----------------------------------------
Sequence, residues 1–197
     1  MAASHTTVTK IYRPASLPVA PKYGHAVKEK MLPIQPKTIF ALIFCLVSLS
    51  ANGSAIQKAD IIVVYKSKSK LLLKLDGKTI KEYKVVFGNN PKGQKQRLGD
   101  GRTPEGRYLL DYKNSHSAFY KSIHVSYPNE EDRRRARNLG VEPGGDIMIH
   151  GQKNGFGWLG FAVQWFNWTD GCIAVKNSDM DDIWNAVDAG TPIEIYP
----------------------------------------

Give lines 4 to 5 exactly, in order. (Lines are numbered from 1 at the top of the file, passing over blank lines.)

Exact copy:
   101  GRTPEGRYLL DYKNSHSAFY KSIHVSYPNE EDRRRARNLG VEPGGDIMIH
   151  GQKNGFGWLG FAVQWFNWTD GCIAVKNSDM DDIWNAVDAG TPIEIYP